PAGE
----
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>>Let's be honest - true, honest-to-goodness original journalism costs money. Good writing costs money. Investigating journalism costs money. Getting people to actually go out into the real world, and interview people, or write about stuff costs money. Who's going to pay for that?

Investigative journalism is in its death throes, and it's not because of lack of money. It's because of lack of interest from audiences.

Nowadays, journalism is all about who breaks the story first. This is why people are saying (only half-jokingly) that we live in a "post-facto" world: investigating leads and verifying facts take a lot of time, during which your rivals might publish the story and get all the eyeballs and therefore ad money. And if they get the facts wrong, or the entire story ends up being incorrect? No one really cares, because by then everyone has moved on to the next thing that is demanding their attention.

>>Pick up an article from the New Statesman, or The Economist, or The New York Times - compare that to the offal you get on Buzzfeed, or one of the billion other click-bait sites.

Buzzfeed is known for clickbaits, but it has some honest-to-god excellent long-form articles. Here is an example: https://www.buzzfeed.com/suzannecope/up-in-the-air-with-caro...




I'm not so pessimistic. For example, over here in Holland we have De Correspondent, which does an admirable job at depth over 'breaking first' (it's even their mission statement: beyond the whims of the day, loosely translated). They're very loosely paywalled and get by on paying subscribers like myself.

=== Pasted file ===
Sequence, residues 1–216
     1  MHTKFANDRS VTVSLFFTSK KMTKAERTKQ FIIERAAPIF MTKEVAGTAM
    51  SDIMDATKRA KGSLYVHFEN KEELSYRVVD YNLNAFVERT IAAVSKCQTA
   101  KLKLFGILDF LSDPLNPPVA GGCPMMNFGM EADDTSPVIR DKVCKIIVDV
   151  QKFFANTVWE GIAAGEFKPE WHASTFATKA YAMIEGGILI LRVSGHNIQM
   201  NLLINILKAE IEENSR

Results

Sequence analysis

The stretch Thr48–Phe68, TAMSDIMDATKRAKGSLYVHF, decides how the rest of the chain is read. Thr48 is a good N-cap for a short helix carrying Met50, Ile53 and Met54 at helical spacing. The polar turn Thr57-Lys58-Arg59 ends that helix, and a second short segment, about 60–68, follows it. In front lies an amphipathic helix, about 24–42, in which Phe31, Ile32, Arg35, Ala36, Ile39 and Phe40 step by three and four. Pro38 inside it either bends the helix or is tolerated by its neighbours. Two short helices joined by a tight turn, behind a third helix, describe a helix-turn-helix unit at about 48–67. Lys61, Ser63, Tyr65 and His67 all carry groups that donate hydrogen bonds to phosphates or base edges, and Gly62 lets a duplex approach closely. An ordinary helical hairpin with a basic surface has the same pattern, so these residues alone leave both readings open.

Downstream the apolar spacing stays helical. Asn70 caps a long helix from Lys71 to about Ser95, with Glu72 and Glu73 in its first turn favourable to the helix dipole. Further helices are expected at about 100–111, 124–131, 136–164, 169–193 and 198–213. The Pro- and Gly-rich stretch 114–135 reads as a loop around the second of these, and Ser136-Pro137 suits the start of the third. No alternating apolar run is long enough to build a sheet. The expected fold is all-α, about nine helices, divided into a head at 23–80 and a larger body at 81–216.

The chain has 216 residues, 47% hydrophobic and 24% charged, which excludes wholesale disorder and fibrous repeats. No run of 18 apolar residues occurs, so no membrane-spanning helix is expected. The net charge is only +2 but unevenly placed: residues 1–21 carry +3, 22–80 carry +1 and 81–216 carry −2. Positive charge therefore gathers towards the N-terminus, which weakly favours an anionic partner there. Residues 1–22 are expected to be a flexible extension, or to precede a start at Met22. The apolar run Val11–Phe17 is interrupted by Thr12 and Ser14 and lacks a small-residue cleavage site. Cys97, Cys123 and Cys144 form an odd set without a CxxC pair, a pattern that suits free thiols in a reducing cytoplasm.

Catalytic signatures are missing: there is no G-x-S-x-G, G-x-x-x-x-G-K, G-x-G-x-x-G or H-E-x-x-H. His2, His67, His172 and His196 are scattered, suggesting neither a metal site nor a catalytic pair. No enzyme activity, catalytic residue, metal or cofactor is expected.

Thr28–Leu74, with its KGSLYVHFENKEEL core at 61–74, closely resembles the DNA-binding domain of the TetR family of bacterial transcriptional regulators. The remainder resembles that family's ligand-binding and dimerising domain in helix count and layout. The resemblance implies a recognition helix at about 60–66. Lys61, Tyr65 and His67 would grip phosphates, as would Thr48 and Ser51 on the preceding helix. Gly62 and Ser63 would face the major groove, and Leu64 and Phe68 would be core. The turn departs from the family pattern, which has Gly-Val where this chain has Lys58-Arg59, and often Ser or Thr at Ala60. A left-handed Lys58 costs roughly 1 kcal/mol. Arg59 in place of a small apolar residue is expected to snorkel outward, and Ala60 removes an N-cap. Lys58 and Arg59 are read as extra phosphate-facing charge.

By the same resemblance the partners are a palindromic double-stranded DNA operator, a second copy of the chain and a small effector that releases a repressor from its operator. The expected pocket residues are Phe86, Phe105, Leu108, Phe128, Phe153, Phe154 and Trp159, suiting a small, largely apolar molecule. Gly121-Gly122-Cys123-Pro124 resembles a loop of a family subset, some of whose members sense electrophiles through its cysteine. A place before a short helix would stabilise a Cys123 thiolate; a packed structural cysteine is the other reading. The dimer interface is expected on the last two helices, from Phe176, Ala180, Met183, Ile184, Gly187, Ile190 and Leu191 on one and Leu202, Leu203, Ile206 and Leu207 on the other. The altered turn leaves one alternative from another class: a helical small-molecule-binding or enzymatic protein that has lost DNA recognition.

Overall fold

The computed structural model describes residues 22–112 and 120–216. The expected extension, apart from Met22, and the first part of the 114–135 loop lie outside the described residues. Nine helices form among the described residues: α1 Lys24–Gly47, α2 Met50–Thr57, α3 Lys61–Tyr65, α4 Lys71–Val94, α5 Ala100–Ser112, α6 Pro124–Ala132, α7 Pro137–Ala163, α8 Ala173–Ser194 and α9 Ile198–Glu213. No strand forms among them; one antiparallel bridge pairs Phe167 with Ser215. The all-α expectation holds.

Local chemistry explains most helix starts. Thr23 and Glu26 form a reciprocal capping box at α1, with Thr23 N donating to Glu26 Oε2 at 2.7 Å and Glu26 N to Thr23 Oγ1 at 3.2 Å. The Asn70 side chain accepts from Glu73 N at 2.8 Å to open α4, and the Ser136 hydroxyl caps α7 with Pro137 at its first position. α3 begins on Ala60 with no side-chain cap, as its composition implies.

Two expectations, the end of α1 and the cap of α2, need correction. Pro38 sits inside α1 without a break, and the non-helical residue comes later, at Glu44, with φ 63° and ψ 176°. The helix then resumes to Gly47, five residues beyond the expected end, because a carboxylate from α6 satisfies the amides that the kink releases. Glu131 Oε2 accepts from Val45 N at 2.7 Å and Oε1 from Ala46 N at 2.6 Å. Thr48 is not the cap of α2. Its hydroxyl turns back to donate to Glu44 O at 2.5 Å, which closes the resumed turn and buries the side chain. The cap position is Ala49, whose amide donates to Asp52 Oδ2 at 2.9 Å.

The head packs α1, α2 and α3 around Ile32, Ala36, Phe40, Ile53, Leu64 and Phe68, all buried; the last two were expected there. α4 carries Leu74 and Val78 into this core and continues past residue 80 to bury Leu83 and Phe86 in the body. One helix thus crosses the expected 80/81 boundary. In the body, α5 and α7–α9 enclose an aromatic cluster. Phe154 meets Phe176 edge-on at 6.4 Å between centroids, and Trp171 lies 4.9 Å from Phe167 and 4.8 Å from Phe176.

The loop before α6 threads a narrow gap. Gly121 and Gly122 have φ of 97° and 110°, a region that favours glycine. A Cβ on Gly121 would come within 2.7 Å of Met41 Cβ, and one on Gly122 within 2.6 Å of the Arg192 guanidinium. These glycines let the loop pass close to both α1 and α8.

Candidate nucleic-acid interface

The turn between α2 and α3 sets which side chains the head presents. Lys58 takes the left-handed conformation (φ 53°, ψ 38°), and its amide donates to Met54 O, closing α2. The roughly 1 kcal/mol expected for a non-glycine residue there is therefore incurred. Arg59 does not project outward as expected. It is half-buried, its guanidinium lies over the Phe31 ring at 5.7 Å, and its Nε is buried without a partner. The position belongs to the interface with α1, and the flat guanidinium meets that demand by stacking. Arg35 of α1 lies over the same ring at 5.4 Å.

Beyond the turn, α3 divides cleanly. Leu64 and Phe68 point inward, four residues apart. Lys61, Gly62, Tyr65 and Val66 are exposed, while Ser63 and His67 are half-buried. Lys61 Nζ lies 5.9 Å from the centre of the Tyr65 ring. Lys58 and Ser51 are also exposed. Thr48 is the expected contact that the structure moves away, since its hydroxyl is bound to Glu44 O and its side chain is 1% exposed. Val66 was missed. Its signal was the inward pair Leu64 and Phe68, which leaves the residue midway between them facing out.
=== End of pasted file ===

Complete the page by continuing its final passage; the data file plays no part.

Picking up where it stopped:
From what i gather so far, they're doing a wonderful job and expanding rapidly without losing money. I think there's plenty room for initiatives like that in specific niches as well.

My impression of NYT and The Economist and such is that while they're trying, they're still way too tethered to an older model which, among other things, requires more money for (relatively) more crap. And while on behalf of good journalism I lament the period of turmoil as they fight their fight but eventually disappear, I think it's necessary for more targeted, leaner journalism to take over.


>Investigative journalism is in its death throes, and it's not because of lack of money. It's because of lack of interest from audiences.

How do you explain the success of vice?




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